Kvinesdal 008-2

The bear is back (picture from Nordagutu station, Telemark, snapped from the train when driving past)


Now, I must admit that I’ve been watching and waiting for the ghost of recession to spread from the US and through Europe. Watching and waiting for its footprints to appear in the quarterly results of media companies like Metro International and Schibsted as the advertisement slump set it.

And it’s certainly a story that’s still happening: at an early stage the Spanish property and job markets, and the corresponding classified sections, were hit, later the same market segments in Denmark, where the newspaper ad market also is ravaged by a two-year-long freesheet war. 

In Norway, I think it’s yet to kick in – in fact, there are those who think Norway might be spared. But only Wednesday I was talking with Kees Pijnapples, editor-in-chief of Mecom-owned de Gelderlander, who said revenues in Holland were down as a result of a slump in parts of the classifieds market.

Now, I promised you a bullish view, Schultz is certainly bullish about the outlook, but me? We’ll I’m traveling through bear country at the moment - I kid you not, just look at the photos in this post - and I’m a bit grumpy since the web access here is very limited (hell, even my cell phone is struggling to find a connection here). Besides, I guess I’m more interested in recording the story as it unfolds than in predicting the outcome.   


And, if I can only find a spare moment while covering the festival I’ll be attending this weekend, I’ll tell you a very bearish tale from my part of the world…


Kvinesdal 002 

Photo snapped from the train while travelling thru Telemark, Norway

Troubled times for Mecom

This morning the Mecom share hit a record low, as threats of industrial action looms in Holland and protests have reached a new creative peak in Germany.

As readers have pointed out to me, I did neglect blogging about recent Mecom developments last week, but matters reached a boiling point yesterday when Wegener-editors decided to support industrial action in Holland, and staff at Berliner Zeitung in Germany went to the rather unusual step of advertising for a new publisher (if you’re fluent in Scandinavian languages, I’ve  covered these stories more in-depth  with a colleague of mine here and here).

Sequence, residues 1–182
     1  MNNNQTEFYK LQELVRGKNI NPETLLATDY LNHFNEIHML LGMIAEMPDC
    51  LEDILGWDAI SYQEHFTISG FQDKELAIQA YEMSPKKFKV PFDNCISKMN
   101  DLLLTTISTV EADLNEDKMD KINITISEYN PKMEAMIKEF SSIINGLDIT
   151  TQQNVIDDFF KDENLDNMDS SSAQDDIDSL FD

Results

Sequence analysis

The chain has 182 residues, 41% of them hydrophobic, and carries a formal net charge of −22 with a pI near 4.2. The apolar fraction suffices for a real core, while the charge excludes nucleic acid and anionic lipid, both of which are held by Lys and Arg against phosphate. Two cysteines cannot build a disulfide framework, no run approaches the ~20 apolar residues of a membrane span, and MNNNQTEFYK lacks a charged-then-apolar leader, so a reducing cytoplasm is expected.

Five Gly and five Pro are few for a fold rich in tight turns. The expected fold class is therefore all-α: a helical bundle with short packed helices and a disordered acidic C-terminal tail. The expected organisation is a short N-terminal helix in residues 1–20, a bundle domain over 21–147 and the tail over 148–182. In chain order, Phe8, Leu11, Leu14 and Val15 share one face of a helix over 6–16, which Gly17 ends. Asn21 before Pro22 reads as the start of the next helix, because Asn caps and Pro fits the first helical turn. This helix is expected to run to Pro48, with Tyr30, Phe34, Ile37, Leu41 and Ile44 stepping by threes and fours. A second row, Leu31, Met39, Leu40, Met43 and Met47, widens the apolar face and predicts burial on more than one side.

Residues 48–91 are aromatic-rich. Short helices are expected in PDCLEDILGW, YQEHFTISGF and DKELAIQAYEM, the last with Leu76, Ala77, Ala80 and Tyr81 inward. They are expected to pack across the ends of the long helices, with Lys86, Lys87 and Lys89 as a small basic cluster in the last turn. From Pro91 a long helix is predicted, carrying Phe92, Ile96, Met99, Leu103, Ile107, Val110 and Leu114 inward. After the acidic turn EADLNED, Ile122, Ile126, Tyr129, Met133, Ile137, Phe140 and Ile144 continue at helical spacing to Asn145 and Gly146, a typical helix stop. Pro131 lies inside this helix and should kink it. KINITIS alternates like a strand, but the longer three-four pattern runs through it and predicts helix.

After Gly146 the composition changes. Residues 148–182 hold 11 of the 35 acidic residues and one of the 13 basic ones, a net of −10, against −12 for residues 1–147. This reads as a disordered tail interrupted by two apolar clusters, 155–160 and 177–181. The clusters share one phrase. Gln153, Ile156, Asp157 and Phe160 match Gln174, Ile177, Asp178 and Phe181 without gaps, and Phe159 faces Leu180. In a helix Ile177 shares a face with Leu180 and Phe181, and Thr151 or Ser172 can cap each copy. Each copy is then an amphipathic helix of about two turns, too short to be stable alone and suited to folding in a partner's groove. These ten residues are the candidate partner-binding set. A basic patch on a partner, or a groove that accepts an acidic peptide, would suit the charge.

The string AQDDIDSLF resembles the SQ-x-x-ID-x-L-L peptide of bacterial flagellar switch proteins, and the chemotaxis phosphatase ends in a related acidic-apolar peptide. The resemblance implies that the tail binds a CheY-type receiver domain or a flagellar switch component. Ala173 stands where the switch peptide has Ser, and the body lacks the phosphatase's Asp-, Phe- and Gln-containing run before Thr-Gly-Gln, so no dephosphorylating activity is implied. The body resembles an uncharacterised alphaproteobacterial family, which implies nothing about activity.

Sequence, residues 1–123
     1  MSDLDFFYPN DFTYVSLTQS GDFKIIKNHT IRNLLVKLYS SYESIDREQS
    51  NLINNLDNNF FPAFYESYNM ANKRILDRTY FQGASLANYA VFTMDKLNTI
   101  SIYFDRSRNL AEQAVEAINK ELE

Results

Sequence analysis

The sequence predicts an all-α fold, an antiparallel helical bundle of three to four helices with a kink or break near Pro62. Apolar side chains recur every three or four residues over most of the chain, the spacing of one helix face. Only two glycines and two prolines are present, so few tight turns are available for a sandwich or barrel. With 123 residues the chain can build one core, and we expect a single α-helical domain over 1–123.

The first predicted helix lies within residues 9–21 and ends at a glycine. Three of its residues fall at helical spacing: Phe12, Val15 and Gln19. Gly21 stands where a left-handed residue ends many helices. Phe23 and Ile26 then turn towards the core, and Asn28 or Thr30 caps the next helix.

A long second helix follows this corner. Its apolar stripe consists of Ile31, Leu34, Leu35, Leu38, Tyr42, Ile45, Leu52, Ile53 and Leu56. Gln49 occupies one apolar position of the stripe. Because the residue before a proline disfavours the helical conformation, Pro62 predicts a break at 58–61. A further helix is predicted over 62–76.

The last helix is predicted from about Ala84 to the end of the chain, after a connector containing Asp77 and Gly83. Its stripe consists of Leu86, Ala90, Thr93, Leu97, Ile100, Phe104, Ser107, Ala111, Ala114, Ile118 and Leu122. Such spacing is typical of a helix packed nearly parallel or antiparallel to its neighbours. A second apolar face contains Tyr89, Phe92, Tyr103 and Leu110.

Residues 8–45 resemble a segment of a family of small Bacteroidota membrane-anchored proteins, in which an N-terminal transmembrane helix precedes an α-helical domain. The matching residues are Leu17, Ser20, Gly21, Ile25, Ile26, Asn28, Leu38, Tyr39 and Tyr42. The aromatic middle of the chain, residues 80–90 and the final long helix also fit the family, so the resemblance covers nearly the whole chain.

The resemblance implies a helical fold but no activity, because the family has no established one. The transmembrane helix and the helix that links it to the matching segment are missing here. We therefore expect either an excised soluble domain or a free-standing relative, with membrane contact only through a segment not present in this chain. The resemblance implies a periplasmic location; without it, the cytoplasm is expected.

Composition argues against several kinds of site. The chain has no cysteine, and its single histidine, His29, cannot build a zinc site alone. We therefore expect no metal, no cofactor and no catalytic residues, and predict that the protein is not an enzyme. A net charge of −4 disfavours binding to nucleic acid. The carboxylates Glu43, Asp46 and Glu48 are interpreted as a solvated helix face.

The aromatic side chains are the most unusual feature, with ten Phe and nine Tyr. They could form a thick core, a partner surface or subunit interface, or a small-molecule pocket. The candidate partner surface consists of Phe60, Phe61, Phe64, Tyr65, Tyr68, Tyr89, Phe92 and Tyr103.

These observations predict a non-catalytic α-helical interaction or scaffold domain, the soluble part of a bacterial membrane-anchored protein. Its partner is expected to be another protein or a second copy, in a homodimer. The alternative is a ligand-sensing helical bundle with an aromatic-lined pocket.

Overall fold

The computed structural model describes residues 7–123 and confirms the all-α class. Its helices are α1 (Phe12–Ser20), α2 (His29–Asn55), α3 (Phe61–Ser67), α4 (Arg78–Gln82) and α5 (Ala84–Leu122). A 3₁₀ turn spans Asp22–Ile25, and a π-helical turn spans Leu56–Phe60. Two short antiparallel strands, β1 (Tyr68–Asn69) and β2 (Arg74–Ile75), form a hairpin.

The editors-in-chief of Mecom’s most recently acquired newspaper group, Wegener, decided yesterday to go on strike next Monday evening and stop the presses on the following day if a conflict with the regional newspaper groups’ new board of directors was not resolved.

“There will be more talks to avert industrial action, but there are very serious tensions between the two parties, after the new Wegener CEO introduced plans to cut 400-450 jobs, 80-90 on the editorial side, last week,” Thomas Bruning, the general secretary of the Dutch Journalist unions told me.

Mecom-boss David Montgomery was expected in Holland yesterday, but staff at Wegener's titles made it very clear that, as matters stood, he was not welcome in the newsrooms. There was almost an echo of bygone times as staff rallied behind the call for industrial action, as seen in this video from a staff meeting at Wegener-owned de Gelderlander. Editor-in-chief of the title, Kees Pijnapples, told me they were still in talks with the new Wegener management and he sincerely hoped they would avert industrial action.

Update (10/7): in the end, the strike was averted. Last Friday, Wegener's management agreed to amend the restructuring plan and present a new plan in September.

Competent newspaper staff desperately seeking new publisher…

Staff protests at Mecom-owned Berliner Zeitung have reached a new creative peak. Journalists have long been unhappy with Mecom's regime, in particular recent job cuts and Josef Depenbrocks dual role as editor-in-chief and managing editor of the title. Yesterday they went to the unusual step of placing this ad in Die Tageszeitung, desperately seeking a “serious” publisher:




The gist of it goes something like this (full text here): ‘Highly motivated daily newspaper staff, which has landed in an unfortunate situation, is looking for new challenges. We can offer committed, thorough and critical staff... high profiled German authors with unique traditions they want to preserve.’ No time to attempt a proper translation right now, but Martin has more on the story in Norwegian here.

A dream come true, sort of (or why it’s been a bit quiet here recently)

You know, ten years ago I really fancied glasses. I thought they’d rather suit my personae, or perhaps the persona I wanted to project stronger to those who did not know me.


But my eyesight was much too good, so after testing it for three consecutive years, I gave up and only thought wistfully of glasses every now and then. And since I spend ungodly long hours in front of the computer screen as a net crazy journalist, with small ‘breaks’ doing copy-editing and translation,  I thought my eyes were only a bit tired, in need of more rest or perhaps a pair of reading glasses, as I found them protesting so much at the end of my workdays this spring, my ‘extracurricular web activities’, such as blogging, suffered.


Until I saw the optician a week and a half back and found journalisting (or was it blogging?) has made me really short-sighted. So since I picked up a pair of glasses last Friday, I’ve been adjusting to seeing the world SO much clearer (did I really see that badly?) in-between my usual deadlines. It sure took some getting used to, but I’m just about ready to get back on the blogging track today…